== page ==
Slovakia is a very small country of 5 million. We are quite used to the world not knowing much about us. Therefore, I was pretty amazed when at least 6 people in Kansas City told me that they know their ancestors were of Slavic origin and came from our part of the world. No wonder it felt so home-like. In Slovakia, as in many other countries around the world, handspinning has been almost forgotten for more than half a century. Although the communist regime was strong on industry and self-sufficiency of the country (which means there were several spinning factories) and there was some endeavour to keep the traditional crafts, there seemed to be no particular attention dedicated to handspinning. At the beginning of the 20th century, people in rural areas were still handspinning for factories, but I gather that once all this work was done by machinery, they were happy to get rid of the hard chores – it is indeed very different whether you spin because you must or because you want to. However, one of the unfortunate effects of the postrevolution era was the gradual decline of the spinning and wool-processing factories, which had a negative effect on the work of shepherds, the type of sheep breeds kept, and the price of wool.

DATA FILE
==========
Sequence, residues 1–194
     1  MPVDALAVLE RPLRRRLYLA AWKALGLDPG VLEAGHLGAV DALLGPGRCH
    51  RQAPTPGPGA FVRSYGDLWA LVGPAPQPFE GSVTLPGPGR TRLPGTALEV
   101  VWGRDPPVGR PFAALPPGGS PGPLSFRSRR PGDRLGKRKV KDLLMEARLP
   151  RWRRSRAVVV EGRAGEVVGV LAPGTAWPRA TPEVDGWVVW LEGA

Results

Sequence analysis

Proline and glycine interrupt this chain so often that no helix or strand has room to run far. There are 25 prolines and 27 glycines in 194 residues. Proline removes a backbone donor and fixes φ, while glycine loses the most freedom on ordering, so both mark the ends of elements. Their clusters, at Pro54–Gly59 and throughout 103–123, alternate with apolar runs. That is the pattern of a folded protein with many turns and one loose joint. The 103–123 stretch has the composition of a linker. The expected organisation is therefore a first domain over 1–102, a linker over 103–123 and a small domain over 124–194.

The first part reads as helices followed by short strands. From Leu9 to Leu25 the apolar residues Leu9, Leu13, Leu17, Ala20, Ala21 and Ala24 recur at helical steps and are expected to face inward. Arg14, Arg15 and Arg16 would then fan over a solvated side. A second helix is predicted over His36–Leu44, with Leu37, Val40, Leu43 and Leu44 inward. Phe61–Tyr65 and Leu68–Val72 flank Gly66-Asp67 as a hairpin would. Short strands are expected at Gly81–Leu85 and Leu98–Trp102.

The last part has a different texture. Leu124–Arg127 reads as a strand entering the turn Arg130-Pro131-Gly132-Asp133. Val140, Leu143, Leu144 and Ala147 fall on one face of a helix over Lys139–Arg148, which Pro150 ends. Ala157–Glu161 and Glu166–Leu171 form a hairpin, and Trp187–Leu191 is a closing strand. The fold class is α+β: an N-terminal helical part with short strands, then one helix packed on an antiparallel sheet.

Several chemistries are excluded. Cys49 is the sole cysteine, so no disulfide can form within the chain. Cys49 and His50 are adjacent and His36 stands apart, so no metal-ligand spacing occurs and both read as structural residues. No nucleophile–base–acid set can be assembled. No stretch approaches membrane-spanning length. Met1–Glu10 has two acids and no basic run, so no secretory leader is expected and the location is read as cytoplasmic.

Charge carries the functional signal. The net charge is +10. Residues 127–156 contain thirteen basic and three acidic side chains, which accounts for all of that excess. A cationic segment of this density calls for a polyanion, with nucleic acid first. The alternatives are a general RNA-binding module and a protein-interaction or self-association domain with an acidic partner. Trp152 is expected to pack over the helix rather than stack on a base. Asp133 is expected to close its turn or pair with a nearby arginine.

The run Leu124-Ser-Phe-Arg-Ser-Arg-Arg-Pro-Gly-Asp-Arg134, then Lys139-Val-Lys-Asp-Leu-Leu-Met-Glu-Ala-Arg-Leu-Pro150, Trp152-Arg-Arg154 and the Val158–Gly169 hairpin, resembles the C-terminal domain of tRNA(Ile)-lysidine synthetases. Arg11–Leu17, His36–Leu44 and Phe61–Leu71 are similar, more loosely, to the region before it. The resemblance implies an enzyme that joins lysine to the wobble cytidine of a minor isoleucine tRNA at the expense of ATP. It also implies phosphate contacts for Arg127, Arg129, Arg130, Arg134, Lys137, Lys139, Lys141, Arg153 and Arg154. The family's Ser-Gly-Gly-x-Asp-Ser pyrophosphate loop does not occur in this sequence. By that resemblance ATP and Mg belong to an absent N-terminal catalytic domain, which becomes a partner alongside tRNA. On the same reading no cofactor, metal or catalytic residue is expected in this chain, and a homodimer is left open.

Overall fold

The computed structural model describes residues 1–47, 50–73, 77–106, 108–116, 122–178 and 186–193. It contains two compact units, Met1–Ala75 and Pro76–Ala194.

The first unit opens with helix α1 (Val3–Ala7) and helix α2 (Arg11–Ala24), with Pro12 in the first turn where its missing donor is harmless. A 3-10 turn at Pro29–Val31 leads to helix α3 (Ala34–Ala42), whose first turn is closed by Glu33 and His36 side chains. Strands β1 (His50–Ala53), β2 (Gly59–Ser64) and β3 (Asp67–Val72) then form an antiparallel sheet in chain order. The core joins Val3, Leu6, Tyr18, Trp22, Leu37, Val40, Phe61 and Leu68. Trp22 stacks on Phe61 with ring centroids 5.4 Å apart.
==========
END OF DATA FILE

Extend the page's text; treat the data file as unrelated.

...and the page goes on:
Since PLYAway 2019, I have finished and published a brochure on spinning via a local traditional-crafts–keeping organization, ÚĽUV. This little publication is the first tutorial in the Slovak language about hand-processing sheep wool. It helps me greatly with spreading the word about how important and rewarding rediscovering this fibre craft is in our country, where the wool industry is almost gone. PLYAway gave me the confidence to continue, even if making a living in spinning is no easy task – but it is much more precious to me to need less and do the work that makes sense, than having all the comforts and keep losing the precious time of my life to a faceless corporation. Up to this day, all the passion and sincerity keeps me going because I saw it is possible to make a fibre craft really alive amongst the people.